WASHINGTON -- State prison inmates would have to work and study before they could play games and watch TV under a bill proposed yesterday by Sen. Richard C. Shelby.
Under the bill, prisoners would have to work at least 48 hours a week and study 16 hours a week before the states could receive federal money to build prisons.
Mr. Shelby wants to scale back what critics see as questionable prison social programs included in the crime bill passed by Congress last year.
The crime bill requires state prisons to provide recreational facilities, including basketball and weightlifting equipment, to qualify for federal construction money.
At a news conference yesterday, the Alabama Republican unveiled a poster depicting images of inmates lounging around, watching cable TV and working on their biceps. The poster also portrayed what the senator said most prison activity would amount to under his bill: hard manual labor and trash collection.
"Why should you put prisoners in prison to watch TV and lift weights all day?" Mr. Shelby asked. "People ought to work. Prisoners ought to work harder. They have a debt to pay."
Prisoners would have to meet all the work and study requirements before taking part in recreation. Some the money saved on recreation equipment, Mr. Shelby suggested, could pay for work and education activities, such as high school equivalency programs and job training.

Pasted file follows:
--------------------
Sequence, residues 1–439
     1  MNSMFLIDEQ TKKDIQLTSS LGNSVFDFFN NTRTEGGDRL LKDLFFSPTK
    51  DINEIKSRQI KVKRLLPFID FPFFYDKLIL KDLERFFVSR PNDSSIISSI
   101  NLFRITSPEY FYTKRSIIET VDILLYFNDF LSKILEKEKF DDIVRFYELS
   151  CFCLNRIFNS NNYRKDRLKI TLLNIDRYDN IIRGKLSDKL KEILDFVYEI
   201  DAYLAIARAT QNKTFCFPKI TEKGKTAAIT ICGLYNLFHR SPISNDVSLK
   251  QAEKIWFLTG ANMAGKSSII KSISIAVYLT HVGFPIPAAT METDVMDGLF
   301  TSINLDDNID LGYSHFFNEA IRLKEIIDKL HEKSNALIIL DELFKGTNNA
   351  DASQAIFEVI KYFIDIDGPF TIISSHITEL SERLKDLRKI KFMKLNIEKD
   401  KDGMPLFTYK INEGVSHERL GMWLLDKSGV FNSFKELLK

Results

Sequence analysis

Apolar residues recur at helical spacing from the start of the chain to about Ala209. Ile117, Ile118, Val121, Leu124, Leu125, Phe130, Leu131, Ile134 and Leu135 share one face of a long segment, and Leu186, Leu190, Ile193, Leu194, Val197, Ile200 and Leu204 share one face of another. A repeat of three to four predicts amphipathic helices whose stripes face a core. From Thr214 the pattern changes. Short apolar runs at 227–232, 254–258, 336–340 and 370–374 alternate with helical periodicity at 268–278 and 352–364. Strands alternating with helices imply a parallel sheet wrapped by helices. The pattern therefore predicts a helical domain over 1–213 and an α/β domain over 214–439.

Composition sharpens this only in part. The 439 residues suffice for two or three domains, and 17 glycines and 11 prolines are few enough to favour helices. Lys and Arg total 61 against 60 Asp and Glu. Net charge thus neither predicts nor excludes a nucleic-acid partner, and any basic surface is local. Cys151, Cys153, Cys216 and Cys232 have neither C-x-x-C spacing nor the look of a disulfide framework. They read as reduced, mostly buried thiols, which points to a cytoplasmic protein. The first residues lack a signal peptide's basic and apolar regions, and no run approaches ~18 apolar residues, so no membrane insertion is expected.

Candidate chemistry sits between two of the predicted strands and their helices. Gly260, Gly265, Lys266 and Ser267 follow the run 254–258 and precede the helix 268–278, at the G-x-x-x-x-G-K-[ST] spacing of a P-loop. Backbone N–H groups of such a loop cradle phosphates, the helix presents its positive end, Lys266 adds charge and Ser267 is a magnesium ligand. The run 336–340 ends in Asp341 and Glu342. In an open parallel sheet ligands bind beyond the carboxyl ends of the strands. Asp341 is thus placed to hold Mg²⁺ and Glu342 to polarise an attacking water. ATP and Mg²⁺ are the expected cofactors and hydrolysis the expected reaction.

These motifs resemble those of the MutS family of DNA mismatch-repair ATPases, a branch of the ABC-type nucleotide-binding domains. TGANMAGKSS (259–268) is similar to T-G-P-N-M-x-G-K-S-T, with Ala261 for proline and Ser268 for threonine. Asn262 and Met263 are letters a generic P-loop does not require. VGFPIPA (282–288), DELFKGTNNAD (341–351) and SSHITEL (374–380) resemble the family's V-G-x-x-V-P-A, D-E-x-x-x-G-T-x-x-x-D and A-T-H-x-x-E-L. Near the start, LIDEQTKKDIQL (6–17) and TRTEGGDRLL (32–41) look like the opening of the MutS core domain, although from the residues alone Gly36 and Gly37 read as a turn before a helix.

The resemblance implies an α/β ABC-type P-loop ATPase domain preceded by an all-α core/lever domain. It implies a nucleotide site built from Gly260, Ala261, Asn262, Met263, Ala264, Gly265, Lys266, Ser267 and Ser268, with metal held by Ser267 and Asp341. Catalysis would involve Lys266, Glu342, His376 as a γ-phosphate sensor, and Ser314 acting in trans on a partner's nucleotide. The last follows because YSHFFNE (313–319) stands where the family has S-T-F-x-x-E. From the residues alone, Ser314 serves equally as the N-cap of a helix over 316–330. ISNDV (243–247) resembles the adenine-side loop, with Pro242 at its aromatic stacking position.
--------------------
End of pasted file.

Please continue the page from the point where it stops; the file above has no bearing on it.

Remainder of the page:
The senator estimated that about 50 percent of the money spent on prisons goes to prisoners' personal comforts: hygiene, grooming and clothing, and recreational amenities, such as bodybuilding training and instruction in boxing and martial arts.
But Alvin Bronstein, director of the national prison project at the American Civil Liberties Union, yesterday called Mr. Shelby's numbers "ridiculous."
Citing statistics from the American Correctional Association, Mr. Bronstein said only about 10 percent of money for prisons is spent on social programs for inmates.
In Maryland, state prison inmates can work and receive basic education such as a high school equivalency degree. But a spokeswoman for the Department of Corrections questioned whether Maryland could afford the start-up costs of the work and study programs mandated in Mr. Shelby's bill. Under the bill, states could determine the actual work and education.
Mr. Shelby said he was confident the bill would pass in the Senate, although Majority Leader Bob Dole's office said yesterday that he had no comment on it.
Among the bill's strongest supporters is Sen. Lauch Faircloth, a North Carolina Republican, who expressed harsh words yesterday about the state of prisons.
Prisoners should "spend their time working like the taxpayers who subsidize their room and board" instead of lifting weights and receiving psychological treatment, Mr. Faircloth said. "We should get rid of the word 'correctional institution' and call them 'prisons' again."
Mr. Bronstein, the ACLU official, said he agrees that prisoners should work. But he questioned where states would find the money for it.
"I've never met a prisoner who didn't want to work," he said. "Some of the main complaints is that there are not enough jobs. The main problem is [states] don't have enough money to pay for staff."